An intense heat wave has hit India and Pakistan since mid-March. March 2022 was even the hottest March in over 120 years an average high temperature of 33.1°C.
After a relative lull in mid-April in certain regions associated with pre-monsoon rains, the heatwave will double in intensity and reach extreme proportions. The climatologist Christophe Cassou, research director at the CNRS, even mentions a heat worthy of the “African desert” on Twitter.
1.5 billion people affected, over 45°C
If these regions are used to such temperatures, it is their duration and early season that raises questions. A total of 1.5 billion people will be affected by this heatwave for at least 5 days, which is expected to start on Wednesday Indian Meteorological Office.
The thermometer should rise to 44°C in western India and possibly 50°C in eastern Pakistan. Extremely difficult and unbearable conditions for the population, the “humidity” factor reinforces the impression of humidity and heat.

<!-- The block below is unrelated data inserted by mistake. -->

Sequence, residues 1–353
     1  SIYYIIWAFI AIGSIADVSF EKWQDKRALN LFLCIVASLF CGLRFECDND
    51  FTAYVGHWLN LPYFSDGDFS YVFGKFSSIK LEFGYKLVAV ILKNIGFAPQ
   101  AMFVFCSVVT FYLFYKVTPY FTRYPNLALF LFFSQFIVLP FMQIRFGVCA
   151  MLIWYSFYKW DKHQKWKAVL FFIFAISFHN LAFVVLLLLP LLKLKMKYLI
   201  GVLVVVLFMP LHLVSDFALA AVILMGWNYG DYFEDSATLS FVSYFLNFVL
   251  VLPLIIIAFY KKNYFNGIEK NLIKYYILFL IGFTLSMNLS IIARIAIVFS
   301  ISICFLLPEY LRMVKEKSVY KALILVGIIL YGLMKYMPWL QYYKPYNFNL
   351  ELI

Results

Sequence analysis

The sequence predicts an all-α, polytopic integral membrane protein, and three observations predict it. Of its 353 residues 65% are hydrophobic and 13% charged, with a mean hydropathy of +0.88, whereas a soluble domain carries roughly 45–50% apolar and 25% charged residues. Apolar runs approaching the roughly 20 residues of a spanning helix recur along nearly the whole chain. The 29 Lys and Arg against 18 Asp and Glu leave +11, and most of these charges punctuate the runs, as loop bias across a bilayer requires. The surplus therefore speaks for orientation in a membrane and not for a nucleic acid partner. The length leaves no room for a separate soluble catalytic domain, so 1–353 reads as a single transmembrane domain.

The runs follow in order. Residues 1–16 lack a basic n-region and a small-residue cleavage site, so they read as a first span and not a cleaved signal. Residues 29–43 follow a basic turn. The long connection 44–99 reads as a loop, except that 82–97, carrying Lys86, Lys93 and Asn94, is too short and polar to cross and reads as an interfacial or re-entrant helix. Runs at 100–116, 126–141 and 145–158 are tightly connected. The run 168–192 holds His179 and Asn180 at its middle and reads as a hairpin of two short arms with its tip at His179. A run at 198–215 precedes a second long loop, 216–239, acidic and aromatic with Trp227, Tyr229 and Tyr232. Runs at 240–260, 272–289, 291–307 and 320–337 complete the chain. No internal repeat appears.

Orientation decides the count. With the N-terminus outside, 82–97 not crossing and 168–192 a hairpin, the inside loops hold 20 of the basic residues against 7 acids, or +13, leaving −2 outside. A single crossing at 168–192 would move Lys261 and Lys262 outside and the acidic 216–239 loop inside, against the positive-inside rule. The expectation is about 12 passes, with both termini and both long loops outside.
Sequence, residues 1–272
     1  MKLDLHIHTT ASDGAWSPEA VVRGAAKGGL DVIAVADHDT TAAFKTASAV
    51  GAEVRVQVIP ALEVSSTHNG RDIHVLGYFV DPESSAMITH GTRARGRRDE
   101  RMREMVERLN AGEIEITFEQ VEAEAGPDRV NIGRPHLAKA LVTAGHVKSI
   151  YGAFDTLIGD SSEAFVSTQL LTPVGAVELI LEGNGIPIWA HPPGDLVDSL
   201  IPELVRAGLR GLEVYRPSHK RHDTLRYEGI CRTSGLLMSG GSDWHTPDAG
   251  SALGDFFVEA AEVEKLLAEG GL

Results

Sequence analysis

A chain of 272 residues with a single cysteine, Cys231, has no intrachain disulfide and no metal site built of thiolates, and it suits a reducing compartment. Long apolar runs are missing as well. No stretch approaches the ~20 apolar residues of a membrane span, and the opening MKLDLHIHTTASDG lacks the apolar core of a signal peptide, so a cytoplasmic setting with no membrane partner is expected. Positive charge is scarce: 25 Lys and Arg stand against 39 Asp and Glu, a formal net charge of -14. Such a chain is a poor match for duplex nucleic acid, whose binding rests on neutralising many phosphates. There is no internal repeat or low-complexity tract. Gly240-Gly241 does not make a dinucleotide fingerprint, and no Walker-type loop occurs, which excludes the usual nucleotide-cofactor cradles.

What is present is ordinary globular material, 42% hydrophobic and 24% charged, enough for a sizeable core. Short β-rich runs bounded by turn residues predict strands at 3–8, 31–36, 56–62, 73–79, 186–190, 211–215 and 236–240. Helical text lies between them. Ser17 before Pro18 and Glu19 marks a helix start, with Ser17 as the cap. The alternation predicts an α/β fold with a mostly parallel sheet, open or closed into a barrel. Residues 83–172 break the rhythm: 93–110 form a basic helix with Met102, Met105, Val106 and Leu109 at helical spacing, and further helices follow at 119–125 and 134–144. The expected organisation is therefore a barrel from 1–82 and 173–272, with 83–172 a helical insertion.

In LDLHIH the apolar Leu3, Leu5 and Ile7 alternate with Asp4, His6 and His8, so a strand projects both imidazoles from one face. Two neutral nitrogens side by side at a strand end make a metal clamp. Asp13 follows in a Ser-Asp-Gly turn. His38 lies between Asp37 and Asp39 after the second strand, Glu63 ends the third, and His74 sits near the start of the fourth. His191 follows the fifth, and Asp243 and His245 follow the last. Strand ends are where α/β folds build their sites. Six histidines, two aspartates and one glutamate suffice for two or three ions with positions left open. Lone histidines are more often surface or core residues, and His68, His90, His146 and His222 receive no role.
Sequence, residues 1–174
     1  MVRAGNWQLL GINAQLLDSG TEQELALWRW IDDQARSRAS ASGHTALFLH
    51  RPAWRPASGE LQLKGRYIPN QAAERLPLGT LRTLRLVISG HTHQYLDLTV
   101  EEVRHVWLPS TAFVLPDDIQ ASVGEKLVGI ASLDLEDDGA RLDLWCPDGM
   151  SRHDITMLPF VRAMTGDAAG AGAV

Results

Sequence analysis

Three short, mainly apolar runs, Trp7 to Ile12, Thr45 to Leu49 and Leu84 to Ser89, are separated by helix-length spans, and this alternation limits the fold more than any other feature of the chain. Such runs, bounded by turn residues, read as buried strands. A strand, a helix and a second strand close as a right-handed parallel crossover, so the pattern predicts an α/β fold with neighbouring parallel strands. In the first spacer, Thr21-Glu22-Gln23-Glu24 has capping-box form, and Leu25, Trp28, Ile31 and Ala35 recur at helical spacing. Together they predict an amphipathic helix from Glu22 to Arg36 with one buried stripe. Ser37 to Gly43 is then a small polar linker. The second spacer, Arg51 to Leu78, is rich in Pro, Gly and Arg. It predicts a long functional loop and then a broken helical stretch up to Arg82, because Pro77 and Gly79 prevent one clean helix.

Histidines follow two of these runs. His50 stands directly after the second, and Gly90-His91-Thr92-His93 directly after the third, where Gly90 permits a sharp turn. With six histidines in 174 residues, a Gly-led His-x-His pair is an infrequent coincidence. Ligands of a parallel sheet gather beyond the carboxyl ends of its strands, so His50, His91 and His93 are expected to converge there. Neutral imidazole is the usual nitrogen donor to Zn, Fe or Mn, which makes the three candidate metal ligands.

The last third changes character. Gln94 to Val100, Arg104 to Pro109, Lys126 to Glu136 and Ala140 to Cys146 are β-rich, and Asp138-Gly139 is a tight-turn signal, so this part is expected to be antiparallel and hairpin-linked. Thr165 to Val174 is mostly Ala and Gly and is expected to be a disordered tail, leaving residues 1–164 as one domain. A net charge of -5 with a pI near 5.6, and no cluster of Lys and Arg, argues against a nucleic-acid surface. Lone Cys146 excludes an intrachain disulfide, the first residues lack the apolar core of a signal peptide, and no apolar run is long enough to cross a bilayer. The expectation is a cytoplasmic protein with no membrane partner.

What is the connection with global warming?
South Asia has been identified by NASA as potentially uninhabitable area by 2050 especially by the combination of heat and humidity.
According to the latest IPCC report, climate change is having a significant impact on the number and intensity of heat waves in India. According to the same report, India is also one of the regions most vulnerable to climate change.
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